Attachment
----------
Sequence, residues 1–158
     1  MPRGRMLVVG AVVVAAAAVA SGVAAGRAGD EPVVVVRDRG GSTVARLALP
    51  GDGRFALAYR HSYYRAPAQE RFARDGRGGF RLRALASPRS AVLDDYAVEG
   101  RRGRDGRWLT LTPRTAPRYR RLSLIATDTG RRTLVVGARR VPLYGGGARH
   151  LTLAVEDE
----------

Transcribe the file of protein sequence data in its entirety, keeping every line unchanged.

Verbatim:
Sequence, residues 1–158
     1  MPRGRMLVVG AVVVAAAAVA SGVAAGRAGD EPVVVVRDRG GSTVARLALP
    51  GDGRFALAYR HSYYRAPAQE RFARDGRGGF RLRALASPRS AVLDDYAVEG
   101  RRGRDGRWLT LTPRTAPRYR RLSLIATDTG RRTLVVGARR VPLYGGGARH
   151  LTLAVEDE